And quite frankly, I’m looking forward to it.
In keeping with the spirit of the holidays, I’m going to help dismiss any fears that the world will end by administering a healthy dose of logic, reasoning, irony, nawlij and wit.
Tomorrow, the world dies. At least, according to the Mayan calendar (or rather, a poorly-interpreted version of it). Variously, the end shall come by way of:
1. Solar Maximum, which is a period of high activity from our sun during a regularly-occurring 11-year solar cycle.
2. Interaction with our galactic supermassive black hole (Abbreviated to SMBH herein) at the center of the Milky Way (which, incidentally is the reason we’re here in the first place.
3. (And this one is my personal favorite) Collision with the rogue planet Nibiru.
The world isn’t going to end. If you (or any of your peers) believe this to be true, then I do believe I have a bridge you may be interested in purchasing.
If you believe that the world will end on the 20th of December, 2012, did you just fall off the turnip wagon?
I’ll say it again: If you believe that the Earth is immediately threatened by any of these phenomena, you are a foolish, ignorant, incurious, credulous boob. A dimwit, a ninny, a nincompoop, a schlemiel, a stooge or a sucker of such scope that it’s a wonder you don’t have your own solar system because the breadth and depth of your silliness is such that it rivals the gravitic pull of the SMBH which anchors the stars of our galaxy in place. Personally, I think it’s a modern take on the joke, “How do you keep a moron in suspense?”
Now that the insults are out of the way, I can settle down to some good ol’ fashioned reasoning (backed by science) and address these issues one-by-one.
1. Solar Maximum
Solar maximum is, in short, a period of elevated activity in the sun. This is the only one of the three phenomena that has even a shred of credibility, as it really does pose a danger of disrupting global electronics, affecting everything from cell phones to power grids. It also has the added cachet of being real. However, considering that this is a cycle that repeats itself every 11 years, is itself a subset of a grander cycle that loops approximately every thousand years (give or take a century), and that mankind has existed on this planet for nearly a quarter of a million years, one is forced to come to the conclusion that it is an entirely survivable event, society and civilization completely intact, if a bit worse for wear on the backside of the affair.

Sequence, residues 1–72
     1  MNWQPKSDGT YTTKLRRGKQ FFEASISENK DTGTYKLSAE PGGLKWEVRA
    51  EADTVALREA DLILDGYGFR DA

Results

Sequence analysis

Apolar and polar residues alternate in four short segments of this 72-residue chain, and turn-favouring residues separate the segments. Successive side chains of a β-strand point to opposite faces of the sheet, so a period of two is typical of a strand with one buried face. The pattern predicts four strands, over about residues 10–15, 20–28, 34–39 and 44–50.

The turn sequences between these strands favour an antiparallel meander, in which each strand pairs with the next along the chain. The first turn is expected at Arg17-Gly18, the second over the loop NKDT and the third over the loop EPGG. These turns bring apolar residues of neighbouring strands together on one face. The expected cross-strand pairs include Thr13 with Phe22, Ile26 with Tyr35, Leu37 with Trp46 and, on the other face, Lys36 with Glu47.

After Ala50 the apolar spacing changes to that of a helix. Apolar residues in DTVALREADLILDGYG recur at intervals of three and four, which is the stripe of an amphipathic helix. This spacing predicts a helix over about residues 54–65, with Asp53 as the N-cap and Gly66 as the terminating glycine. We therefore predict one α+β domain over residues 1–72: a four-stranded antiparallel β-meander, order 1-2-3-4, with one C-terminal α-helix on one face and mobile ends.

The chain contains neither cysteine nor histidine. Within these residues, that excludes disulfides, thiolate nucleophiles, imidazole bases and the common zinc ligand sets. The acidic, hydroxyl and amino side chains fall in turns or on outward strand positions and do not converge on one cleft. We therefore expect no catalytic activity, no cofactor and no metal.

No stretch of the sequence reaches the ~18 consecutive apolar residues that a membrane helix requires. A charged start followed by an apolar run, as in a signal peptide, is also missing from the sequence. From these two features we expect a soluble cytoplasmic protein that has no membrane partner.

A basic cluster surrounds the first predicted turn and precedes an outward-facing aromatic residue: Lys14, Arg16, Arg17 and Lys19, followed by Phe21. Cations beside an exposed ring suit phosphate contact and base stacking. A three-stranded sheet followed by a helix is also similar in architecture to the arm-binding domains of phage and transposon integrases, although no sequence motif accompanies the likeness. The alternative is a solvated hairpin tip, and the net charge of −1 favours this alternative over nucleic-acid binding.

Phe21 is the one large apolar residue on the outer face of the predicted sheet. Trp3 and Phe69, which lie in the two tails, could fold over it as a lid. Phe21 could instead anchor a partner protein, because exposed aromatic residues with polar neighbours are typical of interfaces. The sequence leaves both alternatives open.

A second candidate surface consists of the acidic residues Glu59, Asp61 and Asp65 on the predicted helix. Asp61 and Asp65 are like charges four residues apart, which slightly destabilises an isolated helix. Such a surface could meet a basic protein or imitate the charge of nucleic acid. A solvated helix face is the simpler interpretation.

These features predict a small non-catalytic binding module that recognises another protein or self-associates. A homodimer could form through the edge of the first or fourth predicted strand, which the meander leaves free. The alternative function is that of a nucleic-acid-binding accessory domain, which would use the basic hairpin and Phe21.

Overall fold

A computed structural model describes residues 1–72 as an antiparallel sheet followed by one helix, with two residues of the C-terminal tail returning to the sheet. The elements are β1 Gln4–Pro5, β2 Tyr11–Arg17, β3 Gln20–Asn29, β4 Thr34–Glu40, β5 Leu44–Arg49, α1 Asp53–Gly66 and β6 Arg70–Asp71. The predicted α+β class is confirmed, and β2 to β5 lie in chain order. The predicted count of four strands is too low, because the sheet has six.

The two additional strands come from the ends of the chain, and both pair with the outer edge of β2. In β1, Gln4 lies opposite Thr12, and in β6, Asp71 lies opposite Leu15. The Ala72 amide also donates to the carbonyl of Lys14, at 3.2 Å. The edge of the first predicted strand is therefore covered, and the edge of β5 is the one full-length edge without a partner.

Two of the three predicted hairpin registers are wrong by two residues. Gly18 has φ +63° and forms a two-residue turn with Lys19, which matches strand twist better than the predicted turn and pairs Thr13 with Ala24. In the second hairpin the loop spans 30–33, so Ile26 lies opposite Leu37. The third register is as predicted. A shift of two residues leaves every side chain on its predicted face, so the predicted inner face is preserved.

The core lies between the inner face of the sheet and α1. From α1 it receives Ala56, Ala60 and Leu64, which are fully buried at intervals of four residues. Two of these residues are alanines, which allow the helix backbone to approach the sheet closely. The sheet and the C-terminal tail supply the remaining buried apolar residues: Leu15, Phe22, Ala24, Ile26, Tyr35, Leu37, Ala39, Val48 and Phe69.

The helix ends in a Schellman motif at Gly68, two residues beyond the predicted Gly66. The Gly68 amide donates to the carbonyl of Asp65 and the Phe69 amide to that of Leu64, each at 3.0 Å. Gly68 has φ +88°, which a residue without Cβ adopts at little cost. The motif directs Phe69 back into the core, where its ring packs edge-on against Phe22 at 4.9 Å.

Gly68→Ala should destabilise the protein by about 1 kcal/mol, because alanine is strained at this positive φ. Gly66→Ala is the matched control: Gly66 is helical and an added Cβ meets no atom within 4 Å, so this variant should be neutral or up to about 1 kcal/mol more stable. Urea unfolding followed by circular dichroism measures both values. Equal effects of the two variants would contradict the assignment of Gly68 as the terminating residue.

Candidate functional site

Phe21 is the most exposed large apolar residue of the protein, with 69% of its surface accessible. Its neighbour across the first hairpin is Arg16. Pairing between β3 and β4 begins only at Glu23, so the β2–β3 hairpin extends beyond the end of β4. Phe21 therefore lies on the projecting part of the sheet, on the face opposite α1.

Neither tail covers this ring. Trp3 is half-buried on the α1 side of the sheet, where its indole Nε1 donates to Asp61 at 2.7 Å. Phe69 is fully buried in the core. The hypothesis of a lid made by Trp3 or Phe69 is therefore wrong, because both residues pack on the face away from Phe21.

2. Interaction with the Milky Way’s Supermassive Black Hole
This event is also has an element of validity to it, with one rather small caveat. I hate to be the bearer of bad news, but the Earth interacts with our supermassive black hole (SMBH) all the time through a little-known force called gravity. Gravity’s pull is slight but its reach is interminable and cumulative. Sol (our little star’s name) orbits the galactic center in a period which lasts 240 million years. So chances are that nothing will happen. Much like how nothing happens when the Terra, Sol and Luna all line up or complete their respective orbits.
I must take the opportunity to correct myself. I rather enjoy being the bearer of bad news, particularly when it shatters someone’s absurd viewpoint of the world. I suppose you could say it’s what gets me up in the morning.